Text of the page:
Thompson, who has taught courses on the film, had to wait until its release on broadcast TV to see it. “It had a very, very big impact on me,” Thompson recalls. “And this was in spite of the fact that there were commercials and I was watching it on a 19-inch screen and it was broken up over two nights and all the swearing and violence and sexuality had been taken out.”
And The Godfather had its share of sexuality as well. In a time when the big screen was just getting accustomed to nudity, there was the thunderous tryst between Sonny and a bridesmaid, taking place even as the wedding party was in progress. We see Michael through two loving, but lusting romances. And always looming in the background is the understated sense of casual sex with mistresses, hookers and waitresses.
Talese recalls attending a screening with Pileggi, going in with little anticipation but quickly realizing he was watching something special. “In the middle of the film, we looked at each other and said, ‘This is fucking amazing.’ We knew it was a masterpiece after the first hour,” he says. “It became the Mafia movie and, decades later, that’s still true.”
“You watched it and thought, this is the real thing,” Pileggi remembers. “Italian characters had never been feared until The Godfather. In the movie, they were invested with power. It was directed with a gravitas that made it a serious movie.”
Indeed, the movie elevated the book which, while a bestseller, had never been thought of as serious literature, in the way Puzo’s earlier books were. “Coppola brought opera to a crime novel,” Talese says. “He brought his own particular genius. Coppola grew up with a sense of the operatic and The Godfather is an opera. The combination of Puzo and Coppola created that.”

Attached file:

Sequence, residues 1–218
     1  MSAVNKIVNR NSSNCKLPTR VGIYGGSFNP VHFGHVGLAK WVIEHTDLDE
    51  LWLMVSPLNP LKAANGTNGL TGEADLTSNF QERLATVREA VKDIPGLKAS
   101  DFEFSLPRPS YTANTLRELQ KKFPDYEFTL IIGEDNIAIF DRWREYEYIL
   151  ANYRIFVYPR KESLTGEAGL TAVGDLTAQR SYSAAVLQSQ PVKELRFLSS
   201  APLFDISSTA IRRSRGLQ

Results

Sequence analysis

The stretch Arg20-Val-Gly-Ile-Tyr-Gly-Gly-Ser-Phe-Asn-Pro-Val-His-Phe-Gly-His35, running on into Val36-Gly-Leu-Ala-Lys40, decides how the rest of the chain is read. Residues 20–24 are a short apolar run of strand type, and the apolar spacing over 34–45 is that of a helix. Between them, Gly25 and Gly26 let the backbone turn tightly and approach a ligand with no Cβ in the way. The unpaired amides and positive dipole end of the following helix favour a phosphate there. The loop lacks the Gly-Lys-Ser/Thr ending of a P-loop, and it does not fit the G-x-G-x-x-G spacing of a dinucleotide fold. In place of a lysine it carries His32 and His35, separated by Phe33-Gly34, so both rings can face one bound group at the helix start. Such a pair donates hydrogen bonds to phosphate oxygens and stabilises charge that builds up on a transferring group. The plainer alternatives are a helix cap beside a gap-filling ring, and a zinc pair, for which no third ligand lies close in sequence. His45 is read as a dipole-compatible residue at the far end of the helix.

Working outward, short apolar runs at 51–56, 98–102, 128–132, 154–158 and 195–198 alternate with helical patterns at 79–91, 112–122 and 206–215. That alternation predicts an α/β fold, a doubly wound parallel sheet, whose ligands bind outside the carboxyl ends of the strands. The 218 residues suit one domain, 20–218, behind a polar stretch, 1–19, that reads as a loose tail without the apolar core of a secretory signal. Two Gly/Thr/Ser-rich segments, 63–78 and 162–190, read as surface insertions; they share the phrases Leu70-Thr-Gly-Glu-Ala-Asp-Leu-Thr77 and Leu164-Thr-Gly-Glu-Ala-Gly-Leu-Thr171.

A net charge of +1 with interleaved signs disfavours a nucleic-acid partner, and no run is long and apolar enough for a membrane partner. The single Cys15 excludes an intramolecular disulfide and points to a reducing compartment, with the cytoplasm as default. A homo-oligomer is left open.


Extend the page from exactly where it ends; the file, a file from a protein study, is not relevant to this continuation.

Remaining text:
Still, Coppola himself always recognized what Puzo brought to the table, something that was pointed out to him personally on one occasion. “Once we were somewhere and he had some character with him,” Coppola told Shanken in 2003. “And the guy looked at me and he says, ‘Hey, you just remember: you didn’t make him; he made you.’ And it was true.”
The film’s influence—and that of its sequel, which came out in 1974 and won six Oscars, including Best Director for Coppola—can’t be overestimated. From Goodfellas to “The Sopranos” and beyond, the movie has embedded itself in popular culture. Brando even spoofed the Don Corleone character in the 1990 comedy, The Freshman, about a film student who takes a course on The Godfather and meets a “man of influence” played by Brando with the same gravelly, nasal voice that spawned a million bad imitations. That’s not to mention the lines from the film that have filtered into everyday usage by people who may have no idea that they are quoting The Godfather: “It’s not personal. It’s just
business.” “A man who doesn’t spend time with his family can never be a real man.” “Never hate your enemies. It affects your judgment.”